This is the crawl space where Nolan's latest film, The Dark Knight Rises, is at most effective. When the film focuses on the ideals of these characters, and how fractured they could become, I was fully engaged. Bane as a physical presence is the match against Batman that one would expect. However it's the intellectual pursuit that pushes the film above more common affair. Like what came before for it, there is a fight for the soul of Gotham city. Issues of trust, control and resources flitter in and out of this large scale blockbuster, and while Nolan doesn't usually state too much when it comes to the political intent of his movies, this film seemingly wears its relatively conservative morals on its sleeve. The film however isn't simplistic, tubthumping piece. It does go deeper. Everyone has a little red in their ledger, and the effects of what came to play before have taken their toll.

This is not just in the physical aspect. Eight years since the events of The Dark Knight, we see a different Bruce Wayne. Not only is he less limber as before, he is now a person who has let his personal malaise infiltrate his mind. Such pain for what he has lost as allowed negligence to fester in the minds of those in the privileged circles that a man like Wayne run in. To some this will remind them of the boom days before 2008. In comes Bane, a Tyler Durden-style agent of fear. More calculated then what was seen before, and twice as hungry. With him he bring not only an army of have nots, but the fearful ideals of the past that Wayne strived to alter and evolve.

Like the two previous films The Dark Knight Rises main plot is once again, in essence another simple terrorist act. This could be considered, to some, as a hindrance. Nolan's 2008 sequel The Dark Knight, had a focus on pure chaos that felt, darker and more troubling than here. Heath Ledgers Joker brought forth an unpredictability that truly stood out amongst the three films. Chaos for the sake of chaos, felt more damming and dangerous than here in which a feeling of history repeating itself looms over the concluding act. Rises connects itself a lot more to the 2005 Batman Begins than it's predecessor. This isnt a bad thing, as the film ties itself with the series well as a whole. However it is hard to feel as excited as ultimately they films screenplay has to find a heap of convolution in order to make things appear as things have progressed.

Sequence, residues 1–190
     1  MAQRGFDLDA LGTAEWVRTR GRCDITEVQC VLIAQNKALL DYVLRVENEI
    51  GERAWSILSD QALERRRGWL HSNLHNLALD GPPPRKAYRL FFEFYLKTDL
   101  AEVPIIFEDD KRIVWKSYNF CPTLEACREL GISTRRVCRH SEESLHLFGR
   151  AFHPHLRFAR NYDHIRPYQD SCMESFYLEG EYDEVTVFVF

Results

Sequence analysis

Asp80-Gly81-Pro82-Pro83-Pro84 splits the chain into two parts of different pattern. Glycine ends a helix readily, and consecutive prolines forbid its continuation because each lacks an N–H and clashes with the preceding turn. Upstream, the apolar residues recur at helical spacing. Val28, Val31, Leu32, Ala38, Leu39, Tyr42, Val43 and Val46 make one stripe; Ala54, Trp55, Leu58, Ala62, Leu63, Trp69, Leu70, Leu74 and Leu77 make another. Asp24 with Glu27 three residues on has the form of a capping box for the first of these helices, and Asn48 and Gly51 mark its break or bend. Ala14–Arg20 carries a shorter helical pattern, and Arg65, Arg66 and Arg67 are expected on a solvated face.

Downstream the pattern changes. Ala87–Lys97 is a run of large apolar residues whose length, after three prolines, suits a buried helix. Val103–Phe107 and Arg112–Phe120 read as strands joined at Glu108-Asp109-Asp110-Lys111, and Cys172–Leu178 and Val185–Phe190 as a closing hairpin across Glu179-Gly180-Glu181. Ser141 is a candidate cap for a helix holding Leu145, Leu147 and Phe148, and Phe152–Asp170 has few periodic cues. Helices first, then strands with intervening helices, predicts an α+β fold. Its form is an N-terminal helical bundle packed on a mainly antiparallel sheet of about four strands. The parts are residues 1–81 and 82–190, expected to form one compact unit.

The films main weakness is in its structure. We are brought back into the world and characters well enough, however some of its storytelling feels lacking. Lots of characters, lots of motivations, but not all feel needed. Once or twice, scenes just don't have the weight I expected, with one character relationship feeling a little out of sorts. I must also add that Nolan will get away with one or two moments of awkward exposition and pacing issues that another filmmaker could have got crucified for in a "lesser" film. mostly because as the fanboys have clearly shown, it's "Batman" and it's "perfect" even if they haven't seen the movie. I myself will let some things slide, partly because Nolan is so assured with his direction of proceedings. By the time we reach the final destination, Nolan brought me fully round, with many of my issues feeling like the nitpicks they are.

The Dark Knight Rises for me the film works best when the ideology comes into play. When the obsession is in the forefront. Wayne's inability to trust those around him. Bane's grandstanding oratory on "liberation". The effects of what Gordon did eight years ago, and how that weighs on him (call this Smiley-lite). All done for the name of justice. When you pull out and look at the big picture, Nolan's themes are extremely lofty and the tone is set perfectly. The scope is epic in size and although it wobbles like a spin top at times, the ambition is overwhelming and execution is more than admirable.

To carry all this on their shoulders, is a strong ensemble cast. Hardy's Bane is a grand display of dominance. Forget that his voice sounds like Sean Connery in the underwater sets of Thunderball. His presence is missed when he is not on the screen. A calculating and sardonic persona only matched with his hulking physicality. Ledger's Joker was always going to be difficult to top, but Hardy doesn't put a foot wrong. I love the performance. Bale gives a more subdued display, with smaller emotional beats, however as Wayne/Batman has more to do in terms of range, you see why Bale was picked. It is his strongest performance of the three films. Micheal Caine gives emotional heft, while Morgan Freeman expands on his Fox role. Hathaway, who was given the most grief when picked as Catwoman/Selena Kyle absolutely shines here. Her sarcastic, devil may care approach to the role shows that she is just as fearless as Ledger was four years ago. Joseph Gordon Levitt maintains a good level of work while Gary Oldman needs no more plaudits.